Char. conc. 0.29837 mg/L/1%A 0.06990 mg/L/1%A 0.02917 mg/L/1%A 0.012540 mg/L/1%A
Fig. 1: The calibration curve of Cu by FAAS
2+
positions of Benghazi city during spring and summer
seasons between March and September 2009. The number
of samples collected in each season were twenty six. A 0.5
liter plastic bottles were used for collecting samples after
washing with double distilled water and then soaked in Fig. 3: Mean values of Zn concentration of areas A, B,
10% HNO over night. A 1 ml conc. HNO was added to C and Total (The network) in spring and summer
3 3
each bottle before collecting water samples to prevent the seasons
precipitation of metals. The samples were cooled to less
than 37C in cooling bag and transported to the
laboratory on the same day. The water samples were
preserved and stored according to American Public
Health Association [6] handling requirements. For
determination of Fe and Mn the samples were
2+ 2+
treatment by addition calcium solution excess 200mg
Ca /L to elimination silica interference [6], KCl solution Fig. 4: Mean values of Mn concentration of areas A, B,
2+
excess 1000mg K /L was added for control the ionisation C and Total (The network) in spring and summer
+
interferences [7]. For determination of Zn the samples seasons
2+
were treated only with KCl solution excess 1000mg K /L.
+
Analytic jena novAA 300 Atomic absorption The range values of Cu , Zn and Mn
spectrometer model was used to determine the concentrations of A, B and C areas (The network system)
concentration of trace elements. Table (1) illustrates the in the summer season was illustrated in Table (3).
data for all calibration curves (Slop, R - adj., Sc0 and Char. ANOVA tables for Cu , Zn and Mn for the three
2
conc.) for Fe , Cu , Zn and Mn . Figure (1) shows the areas (A, B and C) indicate that there are no significant
2+ 2+ 2+ 2+
calibration curve of Cu . differences (P-value 0.05) in the mean values of Cu ,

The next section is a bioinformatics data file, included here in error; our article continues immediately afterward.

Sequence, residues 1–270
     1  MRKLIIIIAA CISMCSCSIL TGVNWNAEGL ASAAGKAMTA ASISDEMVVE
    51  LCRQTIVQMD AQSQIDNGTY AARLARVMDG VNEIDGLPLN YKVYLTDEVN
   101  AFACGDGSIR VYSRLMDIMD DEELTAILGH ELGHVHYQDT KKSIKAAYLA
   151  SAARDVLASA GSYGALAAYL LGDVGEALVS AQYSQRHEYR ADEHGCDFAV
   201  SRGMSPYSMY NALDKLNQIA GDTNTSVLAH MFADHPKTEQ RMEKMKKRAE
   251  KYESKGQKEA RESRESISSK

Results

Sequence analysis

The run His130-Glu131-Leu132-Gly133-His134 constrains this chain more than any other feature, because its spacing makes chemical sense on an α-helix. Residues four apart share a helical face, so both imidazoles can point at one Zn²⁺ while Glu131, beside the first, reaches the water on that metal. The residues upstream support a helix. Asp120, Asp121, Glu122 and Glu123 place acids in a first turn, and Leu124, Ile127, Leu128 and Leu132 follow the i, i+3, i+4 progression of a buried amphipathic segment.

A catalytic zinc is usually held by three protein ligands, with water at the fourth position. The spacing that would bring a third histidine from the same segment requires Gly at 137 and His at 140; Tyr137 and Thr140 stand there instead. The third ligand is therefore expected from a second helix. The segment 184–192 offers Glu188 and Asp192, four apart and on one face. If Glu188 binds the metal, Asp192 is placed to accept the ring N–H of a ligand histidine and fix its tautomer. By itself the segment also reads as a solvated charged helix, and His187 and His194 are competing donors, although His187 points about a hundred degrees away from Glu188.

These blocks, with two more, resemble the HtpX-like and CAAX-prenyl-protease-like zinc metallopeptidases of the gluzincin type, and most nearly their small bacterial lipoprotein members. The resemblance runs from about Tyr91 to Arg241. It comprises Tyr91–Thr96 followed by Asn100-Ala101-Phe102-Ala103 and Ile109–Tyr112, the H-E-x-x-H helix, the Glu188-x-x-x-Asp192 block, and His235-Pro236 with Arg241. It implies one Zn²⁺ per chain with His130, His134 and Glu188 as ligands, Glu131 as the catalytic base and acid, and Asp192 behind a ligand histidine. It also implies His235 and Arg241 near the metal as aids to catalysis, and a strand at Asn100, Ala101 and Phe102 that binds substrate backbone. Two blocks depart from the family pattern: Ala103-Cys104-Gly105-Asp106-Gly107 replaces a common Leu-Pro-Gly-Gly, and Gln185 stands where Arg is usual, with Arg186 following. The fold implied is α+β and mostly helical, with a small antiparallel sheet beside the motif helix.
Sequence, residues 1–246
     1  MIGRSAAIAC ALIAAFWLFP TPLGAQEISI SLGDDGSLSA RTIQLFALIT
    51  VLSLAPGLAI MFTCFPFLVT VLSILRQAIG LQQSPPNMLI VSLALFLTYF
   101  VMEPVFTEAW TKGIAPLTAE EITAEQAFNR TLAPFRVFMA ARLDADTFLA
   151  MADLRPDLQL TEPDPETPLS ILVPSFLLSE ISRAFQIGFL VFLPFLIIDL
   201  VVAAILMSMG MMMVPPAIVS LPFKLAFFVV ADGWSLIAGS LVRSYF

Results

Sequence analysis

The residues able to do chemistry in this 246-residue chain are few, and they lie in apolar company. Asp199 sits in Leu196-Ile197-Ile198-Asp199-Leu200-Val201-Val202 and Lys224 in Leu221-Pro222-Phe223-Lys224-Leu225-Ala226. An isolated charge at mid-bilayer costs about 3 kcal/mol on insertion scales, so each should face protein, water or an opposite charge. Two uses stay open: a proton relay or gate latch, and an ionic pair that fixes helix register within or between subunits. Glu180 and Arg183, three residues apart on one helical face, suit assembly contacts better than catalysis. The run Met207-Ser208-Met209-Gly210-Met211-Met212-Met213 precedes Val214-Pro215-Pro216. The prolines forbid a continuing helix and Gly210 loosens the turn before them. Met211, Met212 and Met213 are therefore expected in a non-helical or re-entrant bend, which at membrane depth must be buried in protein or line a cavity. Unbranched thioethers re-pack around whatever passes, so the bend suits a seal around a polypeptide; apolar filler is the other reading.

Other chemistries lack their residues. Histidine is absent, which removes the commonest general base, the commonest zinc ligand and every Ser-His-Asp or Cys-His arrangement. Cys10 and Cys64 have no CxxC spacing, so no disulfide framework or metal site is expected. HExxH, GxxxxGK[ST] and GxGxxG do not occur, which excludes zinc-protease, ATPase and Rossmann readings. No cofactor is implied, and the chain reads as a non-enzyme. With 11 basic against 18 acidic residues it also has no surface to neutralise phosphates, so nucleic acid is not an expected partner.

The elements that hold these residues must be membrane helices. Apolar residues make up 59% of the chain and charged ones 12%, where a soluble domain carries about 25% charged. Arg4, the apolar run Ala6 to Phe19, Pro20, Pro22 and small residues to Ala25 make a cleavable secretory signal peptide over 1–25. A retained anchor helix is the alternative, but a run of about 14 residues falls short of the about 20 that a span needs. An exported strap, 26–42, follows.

2+
RESULTS AND DISCUSSION due to the absence of this metal in these samples. In
The range values of Cu , Zn and Mn (P-value 0.05) only in the mean values of Cu within
2+ 2+ 2+
concentrations of A, B and C areas (The network system) and between groups of A, B and C areas, Although the
in the spring season were illustrated in Table (2). differences in the mean values for Cu were small through
Fig. 2: Mean values of Cu concentration of areas A, B,
2+
C and Total (The network) in spring and summer
seasons
2+
2+
2+ 2+ 2+
2+ 2+ 2+
2+
Zn and Mn . All samples gave zero readings for Fe
2+ 2+ 2+
spring season there are small significant differences
2+
2+
Libyan Agric. Res. Cen. J. Intl., 3 (4): 174-177, 2012
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Table 2: The average trace elements of areas A, B and C (The network system) in the spring season
Area Element (mg/L) A B C Min. value Max. value Average SD SE
Fe -- -- -- -- -- -- -- --
2+
Cu 0.192 0.210 0.215 0.192 0.215 0.206 0.0190 0.0037
2+
Zn 0.176 0.192 0.165 0.165 0.192 0.179 0.0365 0.0072
2+
Mn 0.070 0.067 0.067 0.067 0.070 0.068 0.0113 0.0022
2+
Table 3: The average trace elements of areas A, B and C (The network system) in the summer season
Area Element (mg/L) A B C Min. value Max. value Average SD SE
Fe -- -- -- -- -- -- -- --
2+
Cu 0.097 0.147 0.157 0.097 0.157 0.135 0.0731 0.0145
2+
Zn 0.173 0.198 0.177 0.173 0.198 0.184 0.0854 0.0061
2+
Mn 0.011 0.029 0.030 0.011 0.030 0.022 0.0140 0.0044
2+
spring and mean small values of Cu increased toward metals from metal pipes and fittings within the distribution
2+
end of the network, however, generally increase of mean system as occur in study in Suva - Fiji [8]. Additionally
values of Cu in end of any network distribution system the values of Cu and Mn in spring were higher than in
2+
of drinking water may be due to leaching of metals from summer, such differences of these trace metals may be
metal pipes and fittings within the distribution system as due to nature of the reservoirs, pipes or the source of
mentioned in the study which was accomplished on the water supplies (Sarir well field and Tazerbo well field).
network distribution of drinking water in Viti Levu - Fiji Although there are very small differences in these
islands [8]. From (T-test) tables for Cu , Zn and Mn parameters but they did not affect the quality of the
2+ 2+ 2+
values we concluded that there are significant differences mentioned studied areas.
(P-value 0.05) in the mean values of Cu and Mn
2+ 2+
between the two seasons spring and summer, but there REFERENCES